Used jet fighter "Thrift Shop"?
Thanks to European austerity measures, along with a need for lower-GDP nations for new fighter aircraft, there seems to be few surplus fighter jets hitting the market lately.
|Low mileage... Only $61 million O.B.O. Serious offers only.|
The Eurofighter Typhoon, especially, seems to be flooding the market right now. With the Tranche 3 version on the way, some countries appear to be looking to offload the older Tranche 1 model.
Germany is reported to be looking at Eastern Europe. Spain has offered some of its surplus fleet to Peru, while Eurofighter partner EADS has offered used Typhoons to Switzerland in lieu of the Gripen NG.
|South African Gripens, bought for the 2010 World Cup... Then mothballed.|
In more depressing news, South Africa is said to considering selling part of its fleet of Saab Gripens. South Africa has had issues with its Gripen fleet, as it lacks both the financial resources and the trained pilots to maintain its fleet of 26. With 12 of the jets currently mothballed and only 6 pilots trained to fly the remaining 10 aircraft that are operational for a total of 130 flight hours a year, South Africa has way more jets than it can conceivably use.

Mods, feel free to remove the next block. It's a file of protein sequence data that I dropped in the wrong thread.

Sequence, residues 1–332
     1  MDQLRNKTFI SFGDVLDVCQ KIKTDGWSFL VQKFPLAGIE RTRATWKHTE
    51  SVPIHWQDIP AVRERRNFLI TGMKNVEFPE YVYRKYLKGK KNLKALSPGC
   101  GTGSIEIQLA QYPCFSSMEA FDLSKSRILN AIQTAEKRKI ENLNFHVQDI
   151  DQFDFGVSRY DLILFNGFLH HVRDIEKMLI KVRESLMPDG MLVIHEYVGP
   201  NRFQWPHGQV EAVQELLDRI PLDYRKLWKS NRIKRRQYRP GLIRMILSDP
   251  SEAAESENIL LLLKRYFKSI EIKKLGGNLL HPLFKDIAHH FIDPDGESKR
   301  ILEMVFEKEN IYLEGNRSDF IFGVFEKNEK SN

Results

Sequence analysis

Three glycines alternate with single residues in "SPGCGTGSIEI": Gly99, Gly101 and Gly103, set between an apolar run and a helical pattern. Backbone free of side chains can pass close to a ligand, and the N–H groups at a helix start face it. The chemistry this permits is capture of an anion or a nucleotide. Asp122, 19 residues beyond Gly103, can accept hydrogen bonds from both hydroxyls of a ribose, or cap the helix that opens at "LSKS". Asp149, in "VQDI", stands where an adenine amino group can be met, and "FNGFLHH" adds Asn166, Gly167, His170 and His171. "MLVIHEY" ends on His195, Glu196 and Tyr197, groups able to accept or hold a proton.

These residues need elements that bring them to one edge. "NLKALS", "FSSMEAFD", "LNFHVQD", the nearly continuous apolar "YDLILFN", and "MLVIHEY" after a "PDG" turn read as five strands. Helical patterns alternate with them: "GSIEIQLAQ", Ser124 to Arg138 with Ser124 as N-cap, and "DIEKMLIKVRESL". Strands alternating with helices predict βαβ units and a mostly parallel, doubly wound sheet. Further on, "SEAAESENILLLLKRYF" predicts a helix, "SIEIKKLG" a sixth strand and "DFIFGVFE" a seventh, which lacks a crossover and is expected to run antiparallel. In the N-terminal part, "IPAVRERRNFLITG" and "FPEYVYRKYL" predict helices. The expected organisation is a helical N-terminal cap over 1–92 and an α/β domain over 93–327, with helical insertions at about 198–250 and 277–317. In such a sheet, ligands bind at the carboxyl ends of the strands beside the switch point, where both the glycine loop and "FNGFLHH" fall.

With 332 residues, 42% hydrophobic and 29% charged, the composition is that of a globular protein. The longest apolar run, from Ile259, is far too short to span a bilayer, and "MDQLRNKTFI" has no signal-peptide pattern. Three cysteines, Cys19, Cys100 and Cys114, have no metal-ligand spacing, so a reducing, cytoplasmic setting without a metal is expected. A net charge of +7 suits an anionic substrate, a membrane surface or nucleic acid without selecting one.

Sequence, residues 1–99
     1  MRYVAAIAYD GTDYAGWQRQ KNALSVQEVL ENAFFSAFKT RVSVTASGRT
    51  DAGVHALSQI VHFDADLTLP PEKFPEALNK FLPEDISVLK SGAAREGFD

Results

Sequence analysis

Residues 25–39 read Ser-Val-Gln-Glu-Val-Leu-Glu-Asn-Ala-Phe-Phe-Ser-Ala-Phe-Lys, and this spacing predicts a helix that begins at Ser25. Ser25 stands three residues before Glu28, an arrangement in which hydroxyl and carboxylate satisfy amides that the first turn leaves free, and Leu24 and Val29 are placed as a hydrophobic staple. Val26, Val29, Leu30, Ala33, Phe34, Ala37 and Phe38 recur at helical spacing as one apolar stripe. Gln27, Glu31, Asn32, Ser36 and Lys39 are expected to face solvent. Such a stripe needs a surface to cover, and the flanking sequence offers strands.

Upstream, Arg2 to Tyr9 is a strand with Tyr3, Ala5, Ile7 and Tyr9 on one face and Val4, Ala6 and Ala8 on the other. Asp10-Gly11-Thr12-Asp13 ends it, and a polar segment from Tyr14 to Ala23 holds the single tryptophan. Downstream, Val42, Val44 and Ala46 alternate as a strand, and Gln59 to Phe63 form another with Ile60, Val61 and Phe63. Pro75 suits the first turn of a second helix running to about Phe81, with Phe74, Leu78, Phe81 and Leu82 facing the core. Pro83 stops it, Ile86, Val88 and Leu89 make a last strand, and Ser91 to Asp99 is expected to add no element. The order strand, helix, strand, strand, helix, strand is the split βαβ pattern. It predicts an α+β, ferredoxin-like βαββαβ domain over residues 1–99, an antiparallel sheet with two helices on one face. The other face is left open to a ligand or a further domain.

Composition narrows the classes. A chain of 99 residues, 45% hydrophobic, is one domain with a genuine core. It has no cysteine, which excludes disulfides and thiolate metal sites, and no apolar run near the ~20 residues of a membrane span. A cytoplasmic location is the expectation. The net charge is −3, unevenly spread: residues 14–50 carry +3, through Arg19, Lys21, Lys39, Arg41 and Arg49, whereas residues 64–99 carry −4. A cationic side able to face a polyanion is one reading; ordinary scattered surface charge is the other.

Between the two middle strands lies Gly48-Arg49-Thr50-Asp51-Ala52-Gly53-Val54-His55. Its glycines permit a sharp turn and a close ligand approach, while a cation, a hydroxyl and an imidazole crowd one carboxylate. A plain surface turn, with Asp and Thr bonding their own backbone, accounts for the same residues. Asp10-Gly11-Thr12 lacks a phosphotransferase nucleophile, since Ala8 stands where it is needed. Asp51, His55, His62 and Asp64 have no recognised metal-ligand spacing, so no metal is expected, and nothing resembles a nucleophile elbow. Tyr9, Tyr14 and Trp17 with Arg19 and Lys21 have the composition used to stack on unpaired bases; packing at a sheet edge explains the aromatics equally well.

So where does Canada fit in in all this? As politically dangerous it would be to buy another used piece of major military hardware, the option should be given serious consideration. Not in the long term sense, but possibly as an "interim" solution. The F-35 is going to be late. Not only that, but it is not going to be fully ready until some time after its initial procurement. In the meantime, the Canadian Ministry of Defense seems to be still on the fence, with no permanent decision made until after the next Federal election (likely 2015). With roughly 4 years (at least!) of lead time needed between a decision and initial deliveries, that puts us precariously close to the CF-18's "best before" date of 2020.
Canada may be in need of an interim fighter. Especially if there are any more delays. Although used fighter jets may not be the most attractive solution, they would allow us to increase our air capability for a fraction of the cost and without any painful procurement delays. The purchase of a few surplus South African Gripens would likely be very affordable, and those jets could prove useful later on as more of a "lightweight" fighter akin to the RCAF's CF-5 in the '70s. Of course, a purchase of a few used Tranche 1 Typhoons would certainly make a full purchase of the Tranche 3 version look all the more attractive for commonality's sake.
In these days of "sequestration" and "austerity" measures, the potential is there for Canada to take advantage of military hardware "Thrift Shop". Should we take advantage and... "Pop them tags"?